This invention comprises an intra-hub suspension system for a wheel. It is of particular application to a motorcycle wheel although it can be adapted for use in other vehicles, e.g., airplane wheels, etc.
In the suspension system, the wheel is provided with an outer hub that is rotationally mounted on a stationary inner hub. The inner and outer hubs have a substantial diameter, e.g., from about 50% to 80% of the wheel diameter to provide an inner hub chamber of sufficient dimension for housing of an intra-hub suspension system.
The intra-hub suspension system is received within the inner hub compartment and is fixedly secured thereto. The suspension system comprises a stationary frame having, on its opposite vertical interior sides, an arcuate cam that approximates the radius about the drive sprocket of the motorcycle. Received within the frame is a carrier mechanism having a plurality of bearings that serve as rolling followers of a cam surface. The carrier has an outboard shoulder opposite an outboard shoulder of the frame between which are captured a plurality of compression springs. At its opposite side, the frame and carrier have a second pair of opposed shoulders which coact reciprocally to the first set of shoulders and a second plurality of springs is captured between the second pair of opposed shoulders. The frame is fixedly secured to the inner hub and the carrier receives the support shaft for the rear wheel.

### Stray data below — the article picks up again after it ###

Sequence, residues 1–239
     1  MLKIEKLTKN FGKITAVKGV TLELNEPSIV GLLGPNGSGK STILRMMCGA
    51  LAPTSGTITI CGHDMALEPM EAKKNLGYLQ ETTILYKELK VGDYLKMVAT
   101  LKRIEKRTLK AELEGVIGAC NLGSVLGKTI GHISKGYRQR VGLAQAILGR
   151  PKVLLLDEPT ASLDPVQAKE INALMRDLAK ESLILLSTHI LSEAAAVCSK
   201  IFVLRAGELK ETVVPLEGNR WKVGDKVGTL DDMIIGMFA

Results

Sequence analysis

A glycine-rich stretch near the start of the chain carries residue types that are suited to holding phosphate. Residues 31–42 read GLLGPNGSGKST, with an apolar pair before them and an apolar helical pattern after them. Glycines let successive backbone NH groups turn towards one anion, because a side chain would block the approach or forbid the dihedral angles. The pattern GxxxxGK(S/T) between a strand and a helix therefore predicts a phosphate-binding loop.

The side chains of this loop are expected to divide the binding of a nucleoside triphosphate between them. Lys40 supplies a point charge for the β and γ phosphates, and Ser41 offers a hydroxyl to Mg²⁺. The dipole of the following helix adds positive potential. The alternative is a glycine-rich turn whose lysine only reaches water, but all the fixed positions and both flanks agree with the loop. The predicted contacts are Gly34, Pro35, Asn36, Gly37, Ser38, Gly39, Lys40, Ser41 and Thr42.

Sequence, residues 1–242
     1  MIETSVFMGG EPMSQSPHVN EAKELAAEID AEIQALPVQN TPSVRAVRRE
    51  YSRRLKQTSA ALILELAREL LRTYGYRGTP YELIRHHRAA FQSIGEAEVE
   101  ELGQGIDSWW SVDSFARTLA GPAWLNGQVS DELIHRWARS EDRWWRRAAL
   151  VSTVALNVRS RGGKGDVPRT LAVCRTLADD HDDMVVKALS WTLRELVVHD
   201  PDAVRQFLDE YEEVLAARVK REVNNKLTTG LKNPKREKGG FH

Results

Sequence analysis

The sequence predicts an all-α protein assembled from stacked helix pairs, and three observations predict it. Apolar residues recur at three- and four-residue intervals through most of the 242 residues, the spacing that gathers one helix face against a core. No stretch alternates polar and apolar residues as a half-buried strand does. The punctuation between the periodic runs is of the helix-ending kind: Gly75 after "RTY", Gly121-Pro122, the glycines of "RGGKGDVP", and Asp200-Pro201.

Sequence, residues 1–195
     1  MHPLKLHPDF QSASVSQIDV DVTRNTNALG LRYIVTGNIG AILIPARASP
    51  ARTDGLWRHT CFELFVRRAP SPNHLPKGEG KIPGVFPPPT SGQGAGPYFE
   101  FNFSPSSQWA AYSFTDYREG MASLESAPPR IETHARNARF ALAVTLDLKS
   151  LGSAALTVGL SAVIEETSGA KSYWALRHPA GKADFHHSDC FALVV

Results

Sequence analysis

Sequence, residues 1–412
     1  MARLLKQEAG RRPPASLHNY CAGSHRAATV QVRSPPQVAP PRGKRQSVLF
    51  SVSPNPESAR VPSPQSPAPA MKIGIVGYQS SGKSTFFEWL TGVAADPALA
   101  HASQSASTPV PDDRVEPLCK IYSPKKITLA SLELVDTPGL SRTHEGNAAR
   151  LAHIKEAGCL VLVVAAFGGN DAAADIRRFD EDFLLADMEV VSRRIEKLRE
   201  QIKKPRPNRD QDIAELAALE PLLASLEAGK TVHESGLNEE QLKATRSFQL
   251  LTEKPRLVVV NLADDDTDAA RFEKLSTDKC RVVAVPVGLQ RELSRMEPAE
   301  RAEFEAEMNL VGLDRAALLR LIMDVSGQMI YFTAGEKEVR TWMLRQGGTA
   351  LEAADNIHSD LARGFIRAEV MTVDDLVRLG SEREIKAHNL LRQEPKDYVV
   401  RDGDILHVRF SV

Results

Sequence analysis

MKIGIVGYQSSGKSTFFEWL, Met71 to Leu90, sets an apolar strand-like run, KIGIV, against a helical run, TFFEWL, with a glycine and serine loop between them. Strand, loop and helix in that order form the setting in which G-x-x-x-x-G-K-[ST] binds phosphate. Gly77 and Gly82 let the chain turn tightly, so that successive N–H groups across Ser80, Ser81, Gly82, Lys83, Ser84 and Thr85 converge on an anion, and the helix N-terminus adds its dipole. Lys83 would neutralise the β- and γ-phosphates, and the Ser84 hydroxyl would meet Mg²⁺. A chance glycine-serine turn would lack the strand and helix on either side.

FIG. 1 illustrates the invention as installed on a motorcycle;
FIG. 2 is an elevational view of the intra-hub shock absorber of the invention;
FIGS. 3 through 8 illustrate the major components of the shock absorber;
FIG. 9 is an exploded, elevational view of the assembly of the inner hub of the wheel;
FIG. 10 is a view of the side plates used in the invention;
FIG. 11 is a view of the outer hub used in the invention;
FIG. 12 and 13 are views of the opposite sides of the inner hub used in the invention.
Referring now to FIG. 1, there is illustrated the rear wheel 10 for a motorcycle showing a rear portion of the motorcycle frame 12. The rear frame 12 is unencumbered with external appendages such as outboard shock absorbers and the like and has no suspension mechanisms such as trailing arms and the like. Instead,the rear frame 12 is formed simply with a lower rail 14 and a triangular truss 18 which is an integral part of the motorcycle frame. The rear frame 12 has a fork 18 with lateral arms 20 which support the rear wheel 10. The arms are illustrated broken away to avoid obscuring the wheel 10. The rear wheel 10 has a conventional rim 22 which supports a tire 24 and which is rigidly secured to the wheel hub by spokes 26, or webbing. The drive sprocket 21 of the motorcycle is on shaft 25 and linked to rear wheel 10 by a flexible drive 23.